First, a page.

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The discovery of how to filter hydrogen ions through graphene could change the future of fuel cells.
In a discovery that experts say could revolutionise fuel cell technology, scientists have found that graphene, the world's thinnest, strongest and most impermeable material, can allow protons to pass through it.
The new discovery reported in the journal Nature raises the possibility that graphene membranes could one day be used to "sieve" hydrogen gas directly from the atmosphere to generate electricity.
Graphene was first isolated in 2004 by the leader of this study, Professor Andre Geim who, with fellow researchers was awarded a Nobel Prize in 2010 for the work. At just one atom thick graphene is renowned for being the thinnest material on Earth. It is 200 times stronger than steel, and impermeable to all gases and liquids, giving it the potential for a range of uses such as corrosion-proof coatings, impermeable packaging and even super-thin condoms.
Knowing that graphene is impermeable to even the smallest of atoms, hydrogen, the research team decided to test whether protons, hydrogen atoms stripped of their electrons, were also repelled. Against expectations, they found the protons could pass through the ultra-strong material fairly easily, especially at raised temperatures and if the graphene films were covered with nanoparticles such as platinum, which acted as a catalyst.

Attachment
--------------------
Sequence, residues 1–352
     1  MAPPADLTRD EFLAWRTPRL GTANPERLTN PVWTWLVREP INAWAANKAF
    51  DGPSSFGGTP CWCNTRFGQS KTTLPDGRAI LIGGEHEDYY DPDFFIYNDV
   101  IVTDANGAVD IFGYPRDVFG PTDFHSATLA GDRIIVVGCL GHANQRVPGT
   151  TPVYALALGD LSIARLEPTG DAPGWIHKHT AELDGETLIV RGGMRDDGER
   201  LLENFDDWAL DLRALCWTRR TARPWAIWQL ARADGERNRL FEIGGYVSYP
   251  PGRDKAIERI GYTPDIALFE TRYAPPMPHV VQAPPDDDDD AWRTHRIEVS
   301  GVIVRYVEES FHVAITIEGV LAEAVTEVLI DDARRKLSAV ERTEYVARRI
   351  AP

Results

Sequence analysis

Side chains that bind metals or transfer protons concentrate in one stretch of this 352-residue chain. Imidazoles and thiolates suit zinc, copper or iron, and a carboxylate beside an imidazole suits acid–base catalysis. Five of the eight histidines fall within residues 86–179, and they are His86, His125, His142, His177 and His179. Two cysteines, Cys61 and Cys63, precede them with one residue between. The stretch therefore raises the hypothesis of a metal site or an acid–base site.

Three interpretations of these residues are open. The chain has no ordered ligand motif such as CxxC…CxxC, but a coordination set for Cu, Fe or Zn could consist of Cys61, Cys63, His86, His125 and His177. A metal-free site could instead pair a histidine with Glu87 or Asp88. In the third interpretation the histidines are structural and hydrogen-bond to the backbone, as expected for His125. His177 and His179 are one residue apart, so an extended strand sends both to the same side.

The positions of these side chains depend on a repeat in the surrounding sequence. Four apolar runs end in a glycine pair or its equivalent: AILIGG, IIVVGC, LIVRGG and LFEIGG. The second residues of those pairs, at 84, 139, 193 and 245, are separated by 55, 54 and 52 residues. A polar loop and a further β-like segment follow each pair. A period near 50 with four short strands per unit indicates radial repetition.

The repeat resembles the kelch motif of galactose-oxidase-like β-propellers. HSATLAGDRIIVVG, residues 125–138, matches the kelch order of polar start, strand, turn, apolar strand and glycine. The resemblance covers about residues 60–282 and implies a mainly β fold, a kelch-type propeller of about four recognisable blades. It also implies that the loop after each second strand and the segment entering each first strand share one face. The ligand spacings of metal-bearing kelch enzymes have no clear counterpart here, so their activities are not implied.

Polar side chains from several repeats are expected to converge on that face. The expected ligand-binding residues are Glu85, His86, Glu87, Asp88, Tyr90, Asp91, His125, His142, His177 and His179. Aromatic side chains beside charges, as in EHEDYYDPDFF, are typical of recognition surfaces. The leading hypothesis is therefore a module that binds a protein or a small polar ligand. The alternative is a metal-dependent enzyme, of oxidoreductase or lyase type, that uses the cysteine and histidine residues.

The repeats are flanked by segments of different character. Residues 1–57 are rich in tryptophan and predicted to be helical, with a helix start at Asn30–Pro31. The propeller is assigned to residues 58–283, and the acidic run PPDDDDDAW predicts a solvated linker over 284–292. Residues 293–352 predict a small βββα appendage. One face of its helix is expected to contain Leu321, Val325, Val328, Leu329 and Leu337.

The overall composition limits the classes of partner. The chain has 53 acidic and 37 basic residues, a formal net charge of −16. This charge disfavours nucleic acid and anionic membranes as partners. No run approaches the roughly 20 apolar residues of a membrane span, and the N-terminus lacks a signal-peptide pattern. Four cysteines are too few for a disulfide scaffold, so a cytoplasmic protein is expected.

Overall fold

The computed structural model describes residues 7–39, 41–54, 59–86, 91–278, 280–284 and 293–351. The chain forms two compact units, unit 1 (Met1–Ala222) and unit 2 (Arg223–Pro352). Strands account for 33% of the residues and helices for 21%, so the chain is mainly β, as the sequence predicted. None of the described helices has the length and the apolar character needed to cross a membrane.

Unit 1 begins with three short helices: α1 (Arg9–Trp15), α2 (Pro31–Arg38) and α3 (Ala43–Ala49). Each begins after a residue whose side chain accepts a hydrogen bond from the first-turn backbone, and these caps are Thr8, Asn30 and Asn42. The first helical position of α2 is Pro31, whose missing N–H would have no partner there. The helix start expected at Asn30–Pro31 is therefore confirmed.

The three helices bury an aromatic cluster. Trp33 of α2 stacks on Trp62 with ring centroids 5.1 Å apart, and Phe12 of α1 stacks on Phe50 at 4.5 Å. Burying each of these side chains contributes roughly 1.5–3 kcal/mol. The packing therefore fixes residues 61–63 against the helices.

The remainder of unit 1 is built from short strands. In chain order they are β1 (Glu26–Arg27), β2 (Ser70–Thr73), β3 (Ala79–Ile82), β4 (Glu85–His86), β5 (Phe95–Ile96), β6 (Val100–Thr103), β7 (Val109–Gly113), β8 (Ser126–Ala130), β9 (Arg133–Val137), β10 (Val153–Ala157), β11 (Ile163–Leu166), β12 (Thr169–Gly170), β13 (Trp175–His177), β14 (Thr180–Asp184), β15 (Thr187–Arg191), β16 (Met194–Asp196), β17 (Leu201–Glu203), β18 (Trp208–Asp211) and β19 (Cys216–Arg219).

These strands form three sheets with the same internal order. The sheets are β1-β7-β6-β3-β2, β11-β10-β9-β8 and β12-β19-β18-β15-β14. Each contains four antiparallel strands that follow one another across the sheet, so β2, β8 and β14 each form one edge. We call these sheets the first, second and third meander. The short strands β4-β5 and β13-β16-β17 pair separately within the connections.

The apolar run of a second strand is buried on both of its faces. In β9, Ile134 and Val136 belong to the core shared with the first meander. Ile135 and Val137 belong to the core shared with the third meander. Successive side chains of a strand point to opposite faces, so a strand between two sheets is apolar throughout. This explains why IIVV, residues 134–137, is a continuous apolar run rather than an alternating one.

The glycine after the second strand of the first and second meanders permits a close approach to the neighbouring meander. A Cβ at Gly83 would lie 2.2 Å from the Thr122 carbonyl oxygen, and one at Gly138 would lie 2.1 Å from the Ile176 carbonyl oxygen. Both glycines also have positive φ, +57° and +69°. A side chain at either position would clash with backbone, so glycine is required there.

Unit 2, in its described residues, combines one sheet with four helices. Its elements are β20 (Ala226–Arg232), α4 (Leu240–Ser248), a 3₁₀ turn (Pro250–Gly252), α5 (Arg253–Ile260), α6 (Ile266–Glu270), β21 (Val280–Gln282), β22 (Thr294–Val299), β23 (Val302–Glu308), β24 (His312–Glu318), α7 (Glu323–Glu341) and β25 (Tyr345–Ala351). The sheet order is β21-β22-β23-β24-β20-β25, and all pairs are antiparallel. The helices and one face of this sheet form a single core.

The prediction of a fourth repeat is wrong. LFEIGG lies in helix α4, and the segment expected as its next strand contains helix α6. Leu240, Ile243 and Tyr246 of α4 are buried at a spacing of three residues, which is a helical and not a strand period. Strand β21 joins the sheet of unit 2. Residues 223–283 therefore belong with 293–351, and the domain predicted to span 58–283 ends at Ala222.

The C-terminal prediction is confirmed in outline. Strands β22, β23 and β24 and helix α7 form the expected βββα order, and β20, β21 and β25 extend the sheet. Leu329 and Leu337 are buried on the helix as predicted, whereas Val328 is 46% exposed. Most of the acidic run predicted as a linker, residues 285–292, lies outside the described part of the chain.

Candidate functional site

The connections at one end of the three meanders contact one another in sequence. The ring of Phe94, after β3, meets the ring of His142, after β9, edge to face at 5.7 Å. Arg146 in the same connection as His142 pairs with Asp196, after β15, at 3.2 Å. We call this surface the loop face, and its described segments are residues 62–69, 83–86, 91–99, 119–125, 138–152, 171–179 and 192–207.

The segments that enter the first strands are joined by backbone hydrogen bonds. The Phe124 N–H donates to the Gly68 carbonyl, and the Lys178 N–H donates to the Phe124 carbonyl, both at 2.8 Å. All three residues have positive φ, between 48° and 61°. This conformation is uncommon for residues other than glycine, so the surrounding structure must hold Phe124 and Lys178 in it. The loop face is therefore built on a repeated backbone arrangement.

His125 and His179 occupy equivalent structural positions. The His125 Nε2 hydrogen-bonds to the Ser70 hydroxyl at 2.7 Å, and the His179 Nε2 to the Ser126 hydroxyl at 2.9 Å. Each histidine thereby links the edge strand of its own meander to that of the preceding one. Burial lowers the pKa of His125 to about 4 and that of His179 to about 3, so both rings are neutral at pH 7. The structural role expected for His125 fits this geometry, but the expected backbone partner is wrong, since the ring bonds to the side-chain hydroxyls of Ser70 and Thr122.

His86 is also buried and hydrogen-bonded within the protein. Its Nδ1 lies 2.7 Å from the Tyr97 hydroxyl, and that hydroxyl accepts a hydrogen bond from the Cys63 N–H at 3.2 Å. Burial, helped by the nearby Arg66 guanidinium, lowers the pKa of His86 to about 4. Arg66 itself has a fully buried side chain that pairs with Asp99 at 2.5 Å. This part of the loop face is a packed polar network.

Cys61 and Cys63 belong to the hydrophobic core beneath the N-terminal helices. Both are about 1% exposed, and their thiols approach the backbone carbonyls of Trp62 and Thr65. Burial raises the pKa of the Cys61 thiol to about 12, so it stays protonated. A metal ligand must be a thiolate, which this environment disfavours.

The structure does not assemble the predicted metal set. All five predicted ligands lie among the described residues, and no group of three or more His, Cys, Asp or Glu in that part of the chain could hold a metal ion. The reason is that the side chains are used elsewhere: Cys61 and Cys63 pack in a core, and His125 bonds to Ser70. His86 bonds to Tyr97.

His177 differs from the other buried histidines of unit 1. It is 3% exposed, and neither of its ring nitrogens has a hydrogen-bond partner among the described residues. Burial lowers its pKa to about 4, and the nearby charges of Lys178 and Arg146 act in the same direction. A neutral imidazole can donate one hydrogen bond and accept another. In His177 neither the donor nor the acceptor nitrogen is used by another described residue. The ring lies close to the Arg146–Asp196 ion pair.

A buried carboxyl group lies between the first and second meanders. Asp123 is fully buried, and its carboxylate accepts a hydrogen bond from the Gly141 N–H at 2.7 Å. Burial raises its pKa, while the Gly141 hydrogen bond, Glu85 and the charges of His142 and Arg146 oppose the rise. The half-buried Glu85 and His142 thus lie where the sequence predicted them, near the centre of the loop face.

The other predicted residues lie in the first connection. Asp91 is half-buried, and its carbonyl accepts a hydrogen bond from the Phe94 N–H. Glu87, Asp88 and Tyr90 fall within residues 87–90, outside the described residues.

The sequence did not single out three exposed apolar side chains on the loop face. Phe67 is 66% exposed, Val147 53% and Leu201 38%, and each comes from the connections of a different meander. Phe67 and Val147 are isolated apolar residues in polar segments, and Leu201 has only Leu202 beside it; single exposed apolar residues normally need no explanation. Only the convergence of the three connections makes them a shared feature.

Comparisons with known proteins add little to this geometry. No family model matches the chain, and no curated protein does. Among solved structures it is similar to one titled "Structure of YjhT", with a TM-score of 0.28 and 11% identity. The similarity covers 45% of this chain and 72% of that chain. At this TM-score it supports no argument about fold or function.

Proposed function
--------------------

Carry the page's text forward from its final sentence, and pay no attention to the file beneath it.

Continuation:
Geim and Lozada-Hidalgo, say the findings mean graphene could in future be used in proton-conducting membranes, a crucial component of fuel cell technology. Fuel cells, used in some modern cars, react oxygen and hydrogen fuel together, converting chemical energy into electricity and producing only water. But a major problem is that the fuels leak across the existing proton membranes, "poisoning" the process and reducing the cells' efficiency - something Geim says could be overcome with graphene.
The team also found that graphene membranes could be used to extract hydrogen from the atmosphere, suggesting the possibility of combining them with fuel cells to make mobile electric generators powered by nothing more than the tiny amounts of hydrogen in the air. "Essentially, you pump your fuel from the atmosphere and get electricity out of it," says Geim. "Our (study) provides proof that this kind of device is possible."